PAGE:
Original Article

Osimertinib in Untreated EGFR-Mutated Advanced Non–Small-Cell Lung Cancer

List of authors.
  • Jean-Charles Soria, M.D., Ph.D.,
  • Yuichiro Ohe, M.D., Ph.D.,
  • Johan Vansteenkiste, M.D., Ph.D.,
  • Thanyanan Reungwetwattana, M.D.,
  • Busyamas Chewaskulyong, M.D.,
  • Ki Hyeong Lee, M.D., Ph.D.,
  • Arunee Dechaphunkul, M.D.,
  • Fumio Imamura, M.D., Ph.D.,
  • Naoyuki Nogami, M.D.,
  • Takayasu Kurata, M.D., Ph.D.,
  • Isamu Okamoto, M.D., Ph.D.,
  • Caicun Zhou, M.D., Ph.D.,
  • Byoung Chul Cho, M.D., Ph.D.,
  • Ying Cheng, M.D.,
  • Eun Kyung Cho, M.D., Ph.D.,
  • Pei Jye Voon, M.D.,
  • David Planchard, M.D., Ph.D.,
  • Wu-Chou Su, M.D.,
  • Jhanelle E. Gray, M.D.,
  • Siow-Ming Lee, M.D., Ph.D.,
  • Rachel Hodge, M.Sc.,
  • Marcelo Marotti, M.D., Ph.D.,
  • Yuri Rukazenkov, M.D., Ph.D.,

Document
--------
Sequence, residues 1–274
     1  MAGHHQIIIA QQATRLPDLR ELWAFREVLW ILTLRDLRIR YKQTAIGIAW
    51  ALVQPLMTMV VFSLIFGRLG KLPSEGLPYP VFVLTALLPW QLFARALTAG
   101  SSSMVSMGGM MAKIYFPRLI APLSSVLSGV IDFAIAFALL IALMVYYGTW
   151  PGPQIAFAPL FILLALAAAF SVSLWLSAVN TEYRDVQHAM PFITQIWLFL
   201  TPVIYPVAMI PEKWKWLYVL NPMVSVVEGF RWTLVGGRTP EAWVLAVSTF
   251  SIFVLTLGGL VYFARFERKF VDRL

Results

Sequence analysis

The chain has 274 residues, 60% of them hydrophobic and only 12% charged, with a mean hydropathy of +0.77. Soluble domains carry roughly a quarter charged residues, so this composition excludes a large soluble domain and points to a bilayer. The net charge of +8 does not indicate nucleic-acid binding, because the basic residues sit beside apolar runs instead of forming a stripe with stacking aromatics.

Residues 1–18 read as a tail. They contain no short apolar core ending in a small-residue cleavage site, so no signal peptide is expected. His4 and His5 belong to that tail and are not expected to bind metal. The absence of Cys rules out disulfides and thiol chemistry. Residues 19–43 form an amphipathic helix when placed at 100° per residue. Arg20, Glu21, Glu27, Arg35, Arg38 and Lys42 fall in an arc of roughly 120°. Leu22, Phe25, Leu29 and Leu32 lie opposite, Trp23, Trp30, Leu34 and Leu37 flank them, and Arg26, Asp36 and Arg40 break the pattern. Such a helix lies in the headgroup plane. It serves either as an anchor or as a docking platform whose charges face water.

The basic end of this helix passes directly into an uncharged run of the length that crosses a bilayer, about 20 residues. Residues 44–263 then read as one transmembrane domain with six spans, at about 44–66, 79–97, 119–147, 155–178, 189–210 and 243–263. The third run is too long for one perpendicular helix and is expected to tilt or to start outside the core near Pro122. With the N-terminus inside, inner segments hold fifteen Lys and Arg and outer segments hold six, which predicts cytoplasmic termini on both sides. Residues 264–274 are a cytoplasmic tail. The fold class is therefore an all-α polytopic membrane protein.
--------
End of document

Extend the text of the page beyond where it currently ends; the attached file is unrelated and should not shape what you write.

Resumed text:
• and Suresh S. Ramalingam, M.D.
  • for the FLAURA Investigators*

Abstract

Background

Osimertinib is an oral, third-generation, irreversible epidermal growth factor receptor tyrosine kinase inhibitor (EGFR-TKI) that selectively inhibits both EGFR-TKI–sensitizing and EGFR T790M resistance mutations. We compared osimertinib with standard EGFR-TKIs in patients with previously untreated, EGFR mutation–positive advanced non–small-cell lung cancer (NSCLC).

Methods

In this double-blind, phase 3 trial, we randomly assigned 556 patients with previously untreated, EGFR mutation–positive (exon 19 deletion or L858R) advanced NSCLC in a 1:1 ratio to receive either osimertinib (at a dose of 80 mg once daily) or a standard EGFR-TKI (gefitinib at a dose of 250 mg once daily or erlotinib at a dose of 150 mg once daily). The primary end point was investigator-assessed progression-free survival.